|Top 3 GMP Violations|
In the four years since FDA released its final rule on dietary supplement GMPs (good manufacturing practices) and began a staggered start for compliance, from large companies to the smallest firms, the supplement industry has exerted great energy into preparing for FDA GMP inspections. Experts in all things FDA, GMP, quality control (QC) and supplements wrote articles, spoke at seminars and workshops, and offered one-on-one consulting. Industry organizations created or furthered third-party GMP certification programs and compliance training in an effort to give supplement companies some hands-on experience in bringing their firms into compliance.
Despite these great efforts, early results from the first few years of inspections have highlighted some common violations of the GMP regulation (21 CFR 111). Whether a sign of the breadth of the supplement industry or of a lack of urgency among numerous companies, the failures during these first rounds of inspections offer the greater industry some potentially useful lessons in helping those yet-uninspected companies prepare for a visit from FDAs inspectors. Given the recent wave of FDA warning letters for inadequate responses to the 483 inspection reports, the lessons learned may also help those recently or currently undergoing inspection to more appropriately respond to 483s.
Bradford Williams, manager of the Division of Dietary Supplement Programs at FDAs Center for Food Safety and Nutrition (CFSAN), confirmed FDA has significantly increased its inspection rate, from just one inspection in 2008 to 84 inspections in 2010; as of May 2011, there were 66 supplement GMP inspections conducted, with a projected 2011 total of around 191 or more.
Alarmingly, he reported fiscal year 2010 violation rates were nearly 25 percent, which was higher than FDA expected. He explained the agency expected noncompliance to grow as firm size decreased, but noncompliance has been across the board of company sizes and types, including own-label distributors, contract manufacturers and re-packers and -labelers.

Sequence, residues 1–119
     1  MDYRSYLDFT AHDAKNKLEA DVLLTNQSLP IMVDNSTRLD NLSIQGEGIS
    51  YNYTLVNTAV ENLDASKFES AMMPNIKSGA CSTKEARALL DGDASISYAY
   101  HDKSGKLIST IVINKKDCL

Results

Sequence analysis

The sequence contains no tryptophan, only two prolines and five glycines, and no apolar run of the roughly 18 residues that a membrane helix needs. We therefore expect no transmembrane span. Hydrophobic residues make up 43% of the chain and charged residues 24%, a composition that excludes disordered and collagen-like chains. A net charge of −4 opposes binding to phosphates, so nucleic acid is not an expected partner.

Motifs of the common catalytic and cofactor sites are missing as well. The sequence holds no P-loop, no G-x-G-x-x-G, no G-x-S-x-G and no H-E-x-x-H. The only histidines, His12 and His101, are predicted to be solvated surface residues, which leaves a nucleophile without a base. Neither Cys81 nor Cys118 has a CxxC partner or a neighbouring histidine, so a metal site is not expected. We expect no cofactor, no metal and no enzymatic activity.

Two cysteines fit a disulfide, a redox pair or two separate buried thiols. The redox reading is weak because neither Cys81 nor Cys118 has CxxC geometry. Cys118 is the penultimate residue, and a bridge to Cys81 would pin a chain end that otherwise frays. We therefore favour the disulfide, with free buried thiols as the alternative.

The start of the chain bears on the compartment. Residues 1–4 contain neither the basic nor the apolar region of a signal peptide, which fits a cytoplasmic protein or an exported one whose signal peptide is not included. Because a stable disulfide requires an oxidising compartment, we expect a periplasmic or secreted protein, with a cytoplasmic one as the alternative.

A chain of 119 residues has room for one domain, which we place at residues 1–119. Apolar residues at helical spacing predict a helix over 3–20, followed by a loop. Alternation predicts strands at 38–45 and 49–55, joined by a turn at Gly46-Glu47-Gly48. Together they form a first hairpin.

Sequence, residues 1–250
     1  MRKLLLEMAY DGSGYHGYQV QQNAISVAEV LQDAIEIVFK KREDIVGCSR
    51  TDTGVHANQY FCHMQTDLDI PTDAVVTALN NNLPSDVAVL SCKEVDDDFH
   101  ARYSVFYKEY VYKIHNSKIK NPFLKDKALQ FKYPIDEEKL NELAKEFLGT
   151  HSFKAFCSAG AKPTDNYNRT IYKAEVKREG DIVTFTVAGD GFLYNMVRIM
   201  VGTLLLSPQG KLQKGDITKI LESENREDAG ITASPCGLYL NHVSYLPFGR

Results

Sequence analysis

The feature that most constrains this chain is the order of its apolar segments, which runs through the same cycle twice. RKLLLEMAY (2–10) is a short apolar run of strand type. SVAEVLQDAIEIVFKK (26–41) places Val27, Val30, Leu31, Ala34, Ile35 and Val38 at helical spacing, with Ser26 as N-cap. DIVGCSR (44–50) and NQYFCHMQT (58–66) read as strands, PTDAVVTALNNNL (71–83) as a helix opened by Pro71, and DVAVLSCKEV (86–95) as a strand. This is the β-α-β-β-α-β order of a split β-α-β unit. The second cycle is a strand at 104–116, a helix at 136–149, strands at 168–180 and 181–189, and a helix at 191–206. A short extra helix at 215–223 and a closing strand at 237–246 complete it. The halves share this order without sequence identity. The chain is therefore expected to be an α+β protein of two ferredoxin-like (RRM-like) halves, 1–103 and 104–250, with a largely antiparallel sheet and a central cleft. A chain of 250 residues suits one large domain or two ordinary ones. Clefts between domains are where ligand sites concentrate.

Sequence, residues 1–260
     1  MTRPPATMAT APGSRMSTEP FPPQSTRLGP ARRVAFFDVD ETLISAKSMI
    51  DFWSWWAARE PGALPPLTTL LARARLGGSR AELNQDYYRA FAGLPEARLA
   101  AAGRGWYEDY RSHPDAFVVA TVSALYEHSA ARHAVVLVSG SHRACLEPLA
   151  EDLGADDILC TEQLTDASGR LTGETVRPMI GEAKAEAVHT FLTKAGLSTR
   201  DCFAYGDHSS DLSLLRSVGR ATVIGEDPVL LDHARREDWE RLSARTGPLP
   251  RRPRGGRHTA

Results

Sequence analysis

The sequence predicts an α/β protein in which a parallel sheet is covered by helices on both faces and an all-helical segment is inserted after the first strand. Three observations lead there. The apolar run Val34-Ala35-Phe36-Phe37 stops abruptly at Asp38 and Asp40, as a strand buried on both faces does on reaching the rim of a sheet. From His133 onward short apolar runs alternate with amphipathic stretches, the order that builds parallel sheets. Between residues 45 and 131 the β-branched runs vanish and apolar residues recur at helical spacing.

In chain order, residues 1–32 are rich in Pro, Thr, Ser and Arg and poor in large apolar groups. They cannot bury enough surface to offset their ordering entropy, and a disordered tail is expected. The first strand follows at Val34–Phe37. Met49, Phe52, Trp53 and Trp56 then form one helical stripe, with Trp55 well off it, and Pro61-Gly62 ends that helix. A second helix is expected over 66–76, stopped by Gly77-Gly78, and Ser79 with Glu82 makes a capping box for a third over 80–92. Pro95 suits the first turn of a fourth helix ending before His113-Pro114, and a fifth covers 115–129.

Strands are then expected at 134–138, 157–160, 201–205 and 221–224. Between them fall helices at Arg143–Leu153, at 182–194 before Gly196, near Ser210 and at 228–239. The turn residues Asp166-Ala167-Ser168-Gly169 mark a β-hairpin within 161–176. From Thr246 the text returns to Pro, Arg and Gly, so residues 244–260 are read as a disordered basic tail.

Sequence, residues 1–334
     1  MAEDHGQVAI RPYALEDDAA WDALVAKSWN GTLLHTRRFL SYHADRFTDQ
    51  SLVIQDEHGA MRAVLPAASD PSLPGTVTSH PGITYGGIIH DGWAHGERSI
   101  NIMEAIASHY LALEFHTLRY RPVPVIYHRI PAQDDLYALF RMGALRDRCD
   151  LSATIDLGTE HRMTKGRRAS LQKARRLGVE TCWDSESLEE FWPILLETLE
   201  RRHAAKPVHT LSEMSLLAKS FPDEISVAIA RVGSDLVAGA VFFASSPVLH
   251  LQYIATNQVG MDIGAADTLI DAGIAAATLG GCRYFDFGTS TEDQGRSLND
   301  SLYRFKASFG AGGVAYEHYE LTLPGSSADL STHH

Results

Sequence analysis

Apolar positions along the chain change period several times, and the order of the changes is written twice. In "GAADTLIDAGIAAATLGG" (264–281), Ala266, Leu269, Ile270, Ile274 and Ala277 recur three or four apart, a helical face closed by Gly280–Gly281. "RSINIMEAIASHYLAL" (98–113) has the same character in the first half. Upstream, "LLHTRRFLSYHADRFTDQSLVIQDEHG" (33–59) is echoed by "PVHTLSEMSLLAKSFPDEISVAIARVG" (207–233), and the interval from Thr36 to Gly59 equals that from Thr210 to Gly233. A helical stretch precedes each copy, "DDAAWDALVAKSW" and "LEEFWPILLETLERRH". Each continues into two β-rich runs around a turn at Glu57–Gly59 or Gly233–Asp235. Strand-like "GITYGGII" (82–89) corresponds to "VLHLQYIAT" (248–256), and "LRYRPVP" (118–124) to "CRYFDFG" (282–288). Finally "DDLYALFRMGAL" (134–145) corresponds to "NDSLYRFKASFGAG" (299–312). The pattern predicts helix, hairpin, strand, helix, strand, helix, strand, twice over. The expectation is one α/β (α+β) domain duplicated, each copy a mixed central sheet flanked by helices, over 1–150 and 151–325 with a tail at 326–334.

The chronology of GMP inspection events goes generally like this: FDA sends GMP inspectors to a facility to conduct investigations. All records relevant to GMPs must be available for inspectors. After the inspection, a form 483 inspection report is delivered to the inspected firm, detailing any violations found and what FDA expects from the company in response to these violation notices. It is advisable to try to respond adequatelydetailed written plans for corrective action, including a timelinewithin 15 days of receiving the 483. If FDA decides the response to the 483 report is inadequate, it can issue a warning letter to the company, which usually comes with a requirement to respond within 15 days of the letter. If the companys response is still inadequate, or even defiant, FDA can take further enforcement action such as product seizure, injunction and prosecution. However, for some corrective actions reported by those responding to 483s, FDA seems to be content to promise a close inspection of these items in its next inspection of those facilities.
Highlighting one of the common mistakes found in FDA GMP inspections, Williams said FDA has found failure to maintain adequate MMR and BPR content and recordkeeping is one of the top violations it has found in these first waves of GMP inspections. More specifically, numerous companies have been cited for failing to prepare and follow a written MMR for each unique formulation of a dietary supplement it manufactures and for each batch size.